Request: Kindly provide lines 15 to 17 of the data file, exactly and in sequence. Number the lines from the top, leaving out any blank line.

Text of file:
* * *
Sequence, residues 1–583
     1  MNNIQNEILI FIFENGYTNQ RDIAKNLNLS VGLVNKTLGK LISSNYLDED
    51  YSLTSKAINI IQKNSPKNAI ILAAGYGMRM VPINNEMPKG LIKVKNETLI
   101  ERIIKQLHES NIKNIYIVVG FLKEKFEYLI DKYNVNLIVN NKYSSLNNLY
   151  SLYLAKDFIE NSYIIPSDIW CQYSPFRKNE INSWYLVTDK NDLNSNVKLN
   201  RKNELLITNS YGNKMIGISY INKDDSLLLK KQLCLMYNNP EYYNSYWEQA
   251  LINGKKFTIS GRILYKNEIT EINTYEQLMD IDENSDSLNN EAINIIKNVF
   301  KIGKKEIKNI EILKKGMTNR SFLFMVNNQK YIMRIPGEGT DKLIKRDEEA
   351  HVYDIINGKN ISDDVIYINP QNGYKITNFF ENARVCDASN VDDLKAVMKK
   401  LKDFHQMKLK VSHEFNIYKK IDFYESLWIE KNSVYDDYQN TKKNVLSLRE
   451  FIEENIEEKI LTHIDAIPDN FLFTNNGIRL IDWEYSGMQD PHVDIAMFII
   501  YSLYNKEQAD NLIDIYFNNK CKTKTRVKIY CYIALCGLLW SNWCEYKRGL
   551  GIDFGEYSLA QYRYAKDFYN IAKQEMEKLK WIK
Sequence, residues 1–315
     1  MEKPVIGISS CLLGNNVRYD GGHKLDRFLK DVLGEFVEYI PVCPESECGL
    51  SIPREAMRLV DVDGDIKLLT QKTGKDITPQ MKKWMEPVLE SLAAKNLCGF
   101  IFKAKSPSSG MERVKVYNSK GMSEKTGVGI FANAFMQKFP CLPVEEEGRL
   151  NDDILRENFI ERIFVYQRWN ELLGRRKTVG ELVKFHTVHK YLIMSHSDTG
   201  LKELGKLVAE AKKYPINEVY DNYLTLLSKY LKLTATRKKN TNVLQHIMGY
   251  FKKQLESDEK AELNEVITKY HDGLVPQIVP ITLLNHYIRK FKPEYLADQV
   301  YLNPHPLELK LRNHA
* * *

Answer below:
     1  MEKPVIGISS CLLGNNVRYD GGHKLDRFLK DVLGEFVEYI PVCPESECGL
    51  SIPREAMRLV DVDGDIKLLT QKTGKDITPQ MKKWMEPVLE SLAAKNLCGF
   101  IFKAKSPSSG MERVKVYNSK GMSEKTGVGI FANAFMQKFP CLPVEEEGRL